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Who Designed Carnegie Hall

Carnegie Hall is one of the most celebrated music venues in the world. This concert hall is located in Midtown Manhatten in New York City, about two blocks south of Central Park. Carnegie Hall hosts about 250 performances each season and has hosted a number of famous performers, performances and world premieres since it was opened in the late 1800’s. There are three separate performance halls on the site. The Main Hall (Isaac Stern Auditorium) is the largest performance hall with 2,804 seats, Zankel Hall is the second largest and the Weill Recital Hall is the smallest. Carnegie Hall is one of the largest buildings in the city made entirely from masonry and is well recognized as a landmark in the city. It is also listed as a U.S. National Historic Landmark. Let’s find out who designed this famous concert hall.

Who designed Carnegie Hall?
An image showing the entrance to Carnegie Hall
Carnegie Hall was the idea of Andrew Carnegie who paid for the construction. He served on the board of both the Oratorio Society of New York and the New York Symphony Society and the music hall was originally intended as a venue for these organizations. He chose fellow board member William B. Tuthill as the architect for the project. Tuthill extensively studied the great European concert halls and was known for his great musical ear (sometimes referred to as his “golden ear”). This meant that his design for Carnegie Hall led to some of the finest acoustics of any concert hall in the world!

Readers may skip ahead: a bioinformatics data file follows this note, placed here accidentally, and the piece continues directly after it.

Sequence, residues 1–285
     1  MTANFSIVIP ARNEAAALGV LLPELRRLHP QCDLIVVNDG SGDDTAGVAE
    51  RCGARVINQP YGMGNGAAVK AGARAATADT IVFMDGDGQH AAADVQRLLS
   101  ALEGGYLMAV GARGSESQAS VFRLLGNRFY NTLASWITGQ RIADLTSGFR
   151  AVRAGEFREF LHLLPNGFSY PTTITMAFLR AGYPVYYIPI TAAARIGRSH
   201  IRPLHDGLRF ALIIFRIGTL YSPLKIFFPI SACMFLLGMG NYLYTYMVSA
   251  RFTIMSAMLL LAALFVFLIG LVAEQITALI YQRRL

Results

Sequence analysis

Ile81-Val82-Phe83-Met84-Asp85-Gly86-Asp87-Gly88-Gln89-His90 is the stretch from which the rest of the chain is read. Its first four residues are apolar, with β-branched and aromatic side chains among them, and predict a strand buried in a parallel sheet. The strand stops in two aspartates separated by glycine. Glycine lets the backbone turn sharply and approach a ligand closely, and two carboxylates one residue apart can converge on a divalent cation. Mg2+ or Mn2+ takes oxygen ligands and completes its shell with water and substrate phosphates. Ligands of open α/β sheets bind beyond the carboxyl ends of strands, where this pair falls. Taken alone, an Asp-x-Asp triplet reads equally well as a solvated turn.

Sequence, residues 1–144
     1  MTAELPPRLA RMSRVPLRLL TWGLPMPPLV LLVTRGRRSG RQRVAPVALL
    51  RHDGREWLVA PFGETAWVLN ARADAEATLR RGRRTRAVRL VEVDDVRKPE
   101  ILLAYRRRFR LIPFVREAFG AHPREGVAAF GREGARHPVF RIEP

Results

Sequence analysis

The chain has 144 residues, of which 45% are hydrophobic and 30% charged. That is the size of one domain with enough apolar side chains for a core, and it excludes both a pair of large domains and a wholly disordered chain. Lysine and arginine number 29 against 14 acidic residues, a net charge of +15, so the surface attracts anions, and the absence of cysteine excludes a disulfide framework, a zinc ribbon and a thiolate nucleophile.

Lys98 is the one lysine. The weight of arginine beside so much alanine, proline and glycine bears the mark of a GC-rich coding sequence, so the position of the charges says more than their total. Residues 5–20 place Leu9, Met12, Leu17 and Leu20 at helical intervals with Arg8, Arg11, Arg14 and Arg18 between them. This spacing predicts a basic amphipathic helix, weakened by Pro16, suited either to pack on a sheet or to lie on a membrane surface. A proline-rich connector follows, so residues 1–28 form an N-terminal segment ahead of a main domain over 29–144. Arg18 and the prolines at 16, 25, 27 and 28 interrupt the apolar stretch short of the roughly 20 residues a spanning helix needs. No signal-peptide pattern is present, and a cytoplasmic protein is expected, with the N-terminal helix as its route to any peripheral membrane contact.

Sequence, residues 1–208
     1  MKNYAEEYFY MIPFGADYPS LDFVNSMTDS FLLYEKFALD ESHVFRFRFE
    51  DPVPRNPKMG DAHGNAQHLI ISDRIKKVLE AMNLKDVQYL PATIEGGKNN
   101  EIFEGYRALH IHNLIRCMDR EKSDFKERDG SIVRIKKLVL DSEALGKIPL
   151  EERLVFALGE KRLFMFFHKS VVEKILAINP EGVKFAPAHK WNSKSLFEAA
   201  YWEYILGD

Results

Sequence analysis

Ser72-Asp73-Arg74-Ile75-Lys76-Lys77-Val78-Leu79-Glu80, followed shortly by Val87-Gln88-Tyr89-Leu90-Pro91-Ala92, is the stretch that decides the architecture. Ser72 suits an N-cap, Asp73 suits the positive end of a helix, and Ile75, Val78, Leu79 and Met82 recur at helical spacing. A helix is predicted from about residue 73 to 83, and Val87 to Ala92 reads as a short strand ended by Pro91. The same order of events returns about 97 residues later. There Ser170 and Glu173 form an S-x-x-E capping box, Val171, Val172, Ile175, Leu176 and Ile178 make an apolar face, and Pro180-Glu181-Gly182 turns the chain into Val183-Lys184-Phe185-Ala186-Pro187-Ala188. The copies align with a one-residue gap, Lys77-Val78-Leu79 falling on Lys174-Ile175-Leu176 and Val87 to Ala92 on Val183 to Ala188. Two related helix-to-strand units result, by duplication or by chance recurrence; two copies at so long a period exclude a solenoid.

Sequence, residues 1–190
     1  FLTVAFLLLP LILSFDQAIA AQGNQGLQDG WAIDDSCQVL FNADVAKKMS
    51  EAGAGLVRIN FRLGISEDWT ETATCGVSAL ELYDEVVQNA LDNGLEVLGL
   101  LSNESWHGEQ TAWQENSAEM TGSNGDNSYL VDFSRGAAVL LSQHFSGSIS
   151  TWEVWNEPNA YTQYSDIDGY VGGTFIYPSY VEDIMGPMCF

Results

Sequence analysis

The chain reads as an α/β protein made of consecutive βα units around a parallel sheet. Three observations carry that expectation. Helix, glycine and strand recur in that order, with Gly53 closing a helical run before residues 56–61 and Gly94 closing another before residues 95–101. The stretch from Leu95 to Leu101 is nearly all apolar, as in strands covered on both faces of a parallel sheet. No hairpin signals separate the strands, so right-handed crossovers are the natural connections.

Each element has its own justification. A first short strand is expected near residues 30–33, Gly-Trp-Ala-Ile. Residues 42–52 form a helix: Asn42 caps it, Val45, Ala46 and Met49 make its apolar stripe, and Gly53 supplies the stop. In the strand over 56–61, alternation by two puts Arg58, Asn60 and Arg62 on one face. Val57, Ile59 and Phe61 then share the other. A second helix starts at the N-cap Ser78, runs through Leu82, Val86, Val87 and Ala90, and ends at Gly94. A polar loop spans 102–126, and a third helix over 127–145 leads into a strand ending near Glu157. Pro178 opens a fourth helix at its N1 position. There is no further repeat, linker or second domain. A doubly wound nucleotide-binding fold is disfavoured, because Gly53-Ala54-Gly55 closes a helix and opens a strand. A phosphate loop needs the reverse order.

Did you know?
The first performances began in April 1891, but the official opening of the new concert hall came a month later (May 5, 1891). This event was a concert conducted by Walter Damrosch and the famous Russian composer Tchaikovsky. It is believed that Tuthill left the building during this performance to check his drawings and ensure that his design would be able to support the weight of the large crowd!

Carnegie Hall was originally simply called “Music Hall,” but was renamed Carnegie Hall in 1893 after the governing body of the building persuaded Carnegie to allow his name to be used.

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